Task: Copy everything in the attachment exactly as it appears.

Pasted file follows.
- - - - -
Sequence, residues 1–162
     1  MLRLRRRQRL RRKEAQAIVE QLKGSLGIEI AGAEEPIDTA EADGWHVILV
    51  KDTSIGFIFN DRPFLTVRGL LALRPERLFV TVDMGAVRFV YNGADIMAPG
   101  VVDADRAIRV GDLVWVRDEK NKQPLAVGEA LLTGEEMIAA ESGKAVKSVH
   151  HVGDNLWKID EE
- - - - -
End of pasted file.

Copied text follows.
Sequence, residues 1–162
     1  MLRLRRRQRL RRKEAQAIVE QLKGSLGIEI AGAEEPIDTA EADGWHVILV
    51  KDTSIGFIFN DRPFLTVRGL LALRPERLFV TVDMGAVRFV YNGADIMAPG
   101  VVDADRAIRV GDLVWVRDEK NKQPLAVGEA LLTGEEMIAA ESGKAVKSVH
   151  HVGDNLWKID EE